Three Huge Myths About Outside Counsel Selection
In the last 100 or so interviews I’ve conducted with general counsel, business executives, staff attorneys and other corporate buyers of legal services, I have heard 100 different answers to the question: How does your organization hire outside counsel?
Every organization is different, and every law firm relationship is different. The idea that there is anything resembling a universal truth about the buying habits of corporate legal departments is false. Here are three common myths worth dispelling within your firm:
- Myth #1: GCs make all decisions. The most common myth involves the role of the general counsel as the primary decision maker in counsel selection. In an interview just last week, a general counsel told me, “If I am telling my team who to hire, then they aren’t qualified to do their job.” Yes, the general counsel plays a role, but the vast majority of legal departments empower their attorneys to hire outside counsel who will best serve the organization and successfully meet its needs.
- Myth #2: You must be on the panel to get any work. Another common myth is the power of being on a “panel” firm. In a recent conversation with a banker at a large global financial institution, the banker noted, “Sure, when the bank is paying we have to first look at our preferred list, but none of my work is bank-pay. So I hire the firm with the lawyer who is going to get the deal done.”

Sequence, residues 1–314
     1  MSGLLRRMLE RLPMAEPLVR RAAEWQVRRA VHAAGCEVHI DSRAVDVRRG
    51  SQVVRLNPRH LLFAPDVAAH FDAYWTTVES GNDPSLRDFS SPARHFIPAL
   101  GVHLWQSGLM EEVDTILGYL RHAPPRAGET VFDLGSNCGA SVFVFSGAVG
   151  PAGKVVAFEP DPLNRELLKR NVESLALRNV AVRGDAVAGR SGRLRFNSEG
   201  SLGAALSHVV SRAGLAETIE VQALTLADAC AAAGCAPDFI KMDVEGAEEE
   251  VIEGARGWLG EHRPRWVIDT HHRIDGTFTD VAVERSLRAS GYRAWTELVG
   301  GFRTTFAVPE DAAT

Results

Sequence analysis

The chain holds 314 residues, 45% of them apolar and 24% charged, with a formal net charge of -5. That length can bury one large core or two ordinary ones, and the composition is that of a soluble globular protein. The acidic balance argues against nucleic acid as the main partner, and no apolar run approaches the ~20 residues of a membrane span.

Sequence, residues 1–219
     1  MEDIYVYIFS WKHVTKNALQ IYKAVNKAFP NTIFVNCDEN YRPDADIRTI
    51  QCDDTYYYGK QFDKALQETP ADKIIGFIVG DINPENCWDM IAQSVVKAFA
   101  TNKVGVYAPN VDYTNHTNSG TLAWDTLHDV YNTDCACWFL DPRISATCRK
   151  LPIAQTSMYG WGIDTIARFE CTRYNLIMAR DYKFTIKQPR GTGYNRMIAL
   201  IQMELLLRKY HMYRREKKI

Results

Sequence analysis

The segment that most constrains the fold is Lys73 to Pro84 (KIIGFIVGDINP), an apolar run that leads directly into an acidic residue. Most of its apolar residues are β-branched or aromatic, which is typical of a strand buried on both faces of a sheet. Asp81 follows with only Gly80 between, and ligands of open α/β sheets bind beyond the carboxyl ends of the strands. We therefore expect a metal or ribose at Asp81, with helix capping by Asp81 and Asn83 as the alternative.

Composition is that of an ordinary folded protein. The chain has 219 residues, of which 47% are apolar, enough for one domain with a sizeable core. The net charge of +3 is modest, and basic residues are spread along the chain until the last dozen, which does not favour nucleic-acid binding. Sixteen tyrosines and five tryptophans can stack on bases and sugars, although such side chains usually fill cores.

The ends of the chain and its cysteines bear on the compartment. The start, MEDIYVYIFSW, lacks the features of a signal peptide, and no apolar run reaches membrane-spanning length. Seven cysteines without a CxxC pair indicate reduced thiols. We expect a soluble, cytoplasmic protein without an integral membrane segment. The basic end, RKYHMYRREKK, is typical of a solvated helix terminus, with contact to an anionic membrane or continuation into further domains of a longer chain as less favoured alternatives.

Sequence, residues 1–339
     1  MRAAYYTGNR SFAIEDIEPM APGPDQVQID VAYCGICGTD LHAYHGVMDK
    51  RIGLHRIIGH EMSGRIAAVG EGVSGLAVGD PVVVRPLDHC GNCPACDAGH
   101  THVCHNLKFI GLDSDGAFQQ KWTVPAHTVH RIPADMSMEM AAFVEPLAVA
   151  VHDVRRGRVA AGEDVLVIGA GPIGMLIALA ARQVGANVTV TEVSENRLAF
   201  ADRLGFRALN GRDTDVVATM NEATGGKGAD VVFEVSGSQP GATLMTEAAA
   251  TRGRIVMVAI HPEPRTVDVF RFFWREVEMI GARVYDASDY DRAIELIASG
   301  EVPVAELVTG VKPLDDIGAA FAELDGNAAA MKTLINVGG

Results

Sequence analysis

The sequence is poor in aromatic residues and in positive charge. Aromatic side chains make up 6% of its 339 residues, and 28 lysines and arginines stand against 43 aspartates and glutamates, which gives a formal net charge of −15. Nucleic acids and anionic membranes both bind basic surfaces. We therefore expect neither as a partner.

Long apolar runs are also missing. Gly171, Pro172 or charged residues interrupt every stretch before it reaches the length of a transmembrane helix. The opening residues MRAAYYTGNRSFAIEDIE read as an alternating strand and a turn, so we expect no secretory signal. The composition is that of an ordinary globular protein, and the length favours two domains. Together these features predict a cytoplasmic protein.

- Myth #3: Alternative fee arrangements are essential for consideration. The role fee arrangements play in buying legal services is far less significant than the conversation on that topic, which is a third common myth. Let me be very clear: I believe that alternative fee arrangements are one of the most valuable tools a law firm can use to truly differentiate from the competition (and a discount is not an alternative fee arrangement). But a true alternative fee arrangement is based on aligned goals, including risk sharing.
The only guaranteed way to understand how a client or prospective client hires outside counsel is to ask every individual who is in a position to hire your firm exactly how they go about hiring outside counsel. Too often I hear: “We know how they hire” or “They will hire us when they need _______.” But when I ask whether clients throughout an organization have validated those assumptions, they usually have not.
Until you know the buying habits, and the factors that go into those habits, it’s just a theory. Don’t let your firm lose out on business because you can’t take the time to ask a few focused questions and confirm the theory.